Wable is an interactive tool for Spatial Wire Forming - interpreting a user’s movements to leave trails of physical material in the air.
Wable extrudes and bends metal wire in response to your movements through space, translating your gestures into physical material. Wable interprets how it is being moved by the user and reacts by generating different bend radii to leave behind a trail of wire in the air.
This experimental tool explores the role of human intentionality and agency in a computer-controlled process. Digitally-driven, automated making technologies have led to a dislocated interaction between humans and machines. Rather than ‘handing over’ a file to a machine, how can we build in adaptive response mechanisms into our tools which can allow users a more active and dynamic role?
As our tools evolve to become more interactive, we can develop new capabilities alongside them. This has the potential to bring more human involvement into processes which might otherwise be highly automated.
Protesters want to spread a message, but increasingly they seem to be talking amongst themselves. To the non-protesting member of the public, the energy and creativity of a protest can disappear once the protesters have left the scene, leaving little or no trace behind. Protest? What protest?
STAMP is the protest shoe that spreads your message as you walk. It’s a tool that can be used at protests of any size, to leave behind an imprint of the protest message on the urban landscape. The STAMP sticker-dispenser easily attaches onto your shoes, allowing the wearer to deposit a trail of stickers on the ground. It would be used by several people in a crowd to build up a carpet of campaign messaging - a visual stream of colour to maintain the discussion and inspire curiosity after the event. STAMP comes as a self-assembly kit, which could be sold or developed using an open-source template to repurpose household items and dissolvable stickers.
This playful tool uses humour to disrupt an establish activity of distributing campaign messaging at a protest. It is a subtle invention which literally spreads a message, and provides creative opportunities for protesters to attract attention and disrupt routines.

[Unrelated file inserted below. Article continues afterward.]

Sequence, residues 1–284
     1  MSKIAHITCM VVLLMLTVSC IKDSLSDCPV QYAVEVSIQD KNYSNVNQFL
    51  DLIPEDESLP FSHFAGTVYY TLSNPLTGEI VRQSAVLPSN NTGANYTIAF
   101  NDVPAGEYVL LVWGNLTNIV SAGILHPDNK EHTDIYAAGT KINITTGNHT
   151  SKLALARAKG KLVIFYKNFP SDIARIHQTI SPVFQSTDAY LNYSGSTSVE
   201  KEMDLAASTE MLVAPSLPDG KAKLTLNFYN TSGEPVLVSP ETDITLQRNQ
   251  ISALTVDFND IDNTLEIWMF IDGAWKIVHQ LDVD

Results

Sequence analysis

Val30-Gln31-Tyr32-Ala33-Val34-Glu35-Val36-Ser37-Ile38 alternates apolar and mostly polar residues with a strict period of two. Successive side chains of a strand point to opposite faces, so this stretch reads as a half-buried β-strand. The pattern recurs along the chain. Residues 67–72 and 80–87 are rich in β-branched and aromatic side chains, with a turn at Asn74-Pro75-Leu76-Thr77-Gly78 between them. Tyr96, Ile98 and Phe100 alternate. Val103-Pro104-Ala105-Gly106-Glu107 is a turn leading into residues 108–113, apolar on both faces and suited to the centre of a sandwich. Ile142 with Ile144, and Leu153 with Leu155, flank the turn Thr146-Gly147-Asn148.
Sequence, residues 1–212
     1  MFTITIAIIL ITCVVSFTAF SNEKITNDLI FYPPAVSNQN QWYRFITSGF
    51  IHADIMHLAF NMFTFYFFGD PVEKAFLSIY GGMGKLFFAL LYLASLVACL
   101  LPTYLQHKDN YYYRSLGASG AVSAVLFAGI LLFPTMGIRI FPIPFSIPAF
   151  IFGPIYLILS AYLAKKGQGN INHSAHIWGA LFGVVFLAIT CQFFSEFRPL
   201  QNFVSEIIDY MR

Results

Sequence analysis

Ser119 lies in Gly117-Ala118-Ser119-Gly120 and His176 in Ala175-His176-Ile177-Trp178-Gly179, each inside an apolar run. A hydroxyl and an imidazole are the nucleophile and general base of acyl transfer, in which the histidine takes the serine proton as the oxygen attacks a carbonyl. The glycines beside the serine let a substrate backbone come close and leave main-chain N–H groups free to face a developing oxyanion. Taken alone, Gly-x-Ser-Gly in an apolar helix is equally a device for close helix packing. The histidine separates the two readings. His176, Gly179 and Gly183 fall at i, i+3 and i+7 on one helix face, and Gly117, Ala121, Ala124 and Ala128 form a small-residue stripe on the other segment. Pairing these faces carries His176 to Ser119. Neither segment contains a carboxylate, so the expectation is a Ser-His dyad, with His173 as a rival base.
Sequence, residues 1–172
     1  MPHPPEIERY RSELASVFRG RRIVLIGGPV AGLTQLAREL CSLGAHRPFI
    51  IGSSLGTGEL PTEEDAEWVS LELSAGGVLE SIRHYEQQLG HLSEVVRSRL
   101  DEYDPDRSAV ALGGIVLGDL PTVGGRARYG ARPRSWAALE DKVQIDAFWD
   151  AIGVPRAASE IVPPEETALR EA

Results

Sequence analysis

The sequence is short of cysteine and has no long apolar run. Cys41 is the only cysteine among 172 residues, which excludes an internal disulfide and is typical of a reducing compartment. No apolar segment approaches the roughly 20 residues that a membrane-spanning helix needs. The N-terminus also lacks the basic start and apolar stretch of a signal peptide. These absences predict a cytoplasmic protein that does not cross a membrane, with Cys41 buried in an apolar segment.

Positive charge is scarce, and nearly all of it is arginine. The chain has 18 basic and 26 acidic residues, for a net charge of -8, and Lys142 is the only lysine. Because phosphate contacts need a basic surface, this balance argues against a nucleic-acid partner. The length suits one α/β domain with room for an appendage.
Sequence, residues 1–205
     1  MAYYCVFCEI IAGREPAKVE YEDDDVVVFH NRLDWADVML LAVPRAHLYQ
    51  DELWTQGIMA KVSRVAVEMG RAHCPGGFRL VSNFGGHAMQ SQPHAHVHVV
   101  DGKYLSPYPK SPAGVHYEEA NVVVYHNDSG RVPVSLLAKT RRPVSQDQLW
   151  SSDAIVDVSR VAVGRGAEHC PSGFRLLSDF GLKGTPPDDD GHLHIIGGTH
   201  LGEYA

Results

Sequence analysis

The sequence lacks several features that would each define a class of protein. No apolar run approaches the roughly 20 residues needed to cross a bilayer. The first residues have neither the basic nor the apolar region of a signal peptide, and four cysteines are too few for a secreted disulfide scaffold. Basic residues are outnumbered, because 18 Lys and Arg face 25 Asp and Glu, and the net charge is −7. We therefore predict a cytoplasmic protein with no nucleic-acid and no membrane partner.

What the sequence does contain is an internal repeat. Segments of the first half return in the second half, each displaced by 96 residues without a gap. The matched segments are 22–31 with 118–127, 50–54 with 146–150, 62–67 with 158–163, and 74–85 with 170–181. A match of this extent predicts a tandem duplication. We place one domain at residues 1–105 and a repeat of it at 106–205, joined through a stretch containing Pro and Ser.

The idea for STAMP was developed during Makerversity London's 'Tools for Change' Civic Hack workshop, focussed on designing for activism. STAMP was one of the winning ideas judged at the end of the workshop. You can read more about it here:
Experimental design project into how we can interact with the manufacturing process to gain a sense of handmade
Design of a sweeping organic form that you could sit on in two directions. Taking an experimental approach over the course of 4 weeks, this chair was developed first in cardboard, before refining a wooden construction which could be easily assembled from sheet and stock materials without the need for complex steam bending rigs or moulds.
Design and make project to combine the adventure brand of GoPro with a normally static object used to protect surfaces from hot pots and pans; a trivet. This required detailed design development through sketching, CAD and physical prototyping, and the design of moulds and manufacturing processes to complete a small scale run of nine identical products.
Lathithá Wines Tasting Box
Working with a small wine-seller in the townships of Cape Town, South Africa, our team devised a portable kit for a multi-sensory wine tasting experience. This could be installed at an exhibition or wine-tasting event to promote the business, as well as in the entrepreneur’s shop as a point of sale.
What if your clothing could influence, direct or choreograph how you move?
The WIM (Worn Influencer of Movement) project imagines the future of what we wear shifting from passively following the way we move to actively influencing our movement, allowing us to correct, modify and explore our motion.
In this experimental design project, I worked as part of a team of three to realise this vision. We created a garment which delivers sensory stimulation to the joints and the skins, communicating instructions for sequences of movements to be performed by the wearer. We worked with dancers and performers to inform the placing and integration of the technology, resulting in a live choreography system of garment-based stimuli.
The Smog Bazooka is a concept particulate pollution detector and collector. The device integrates an infrared dust sensor, fan and ioniser to measure and capture particulate pollution inside an easily cleanable and removable container.
The device is envisioned as both an independent device in the home, or as a wider community network. It would have both automatic activation when triggered by a set particulate count, or manual activation by a simple interface. The user or community would be able to monitor and activate the device through an accompanying smartphone app.
Tape Laying Device
A semi-automated handling, cutting and laying mechanism for water-activated tape used for leaf-on-line braking simulation and testing of railway locomotives for an industry client.
The project resulted in the delivery of a functional prototype of the tape laying system and an extension on paper to include a full solution of a rail-worthy device.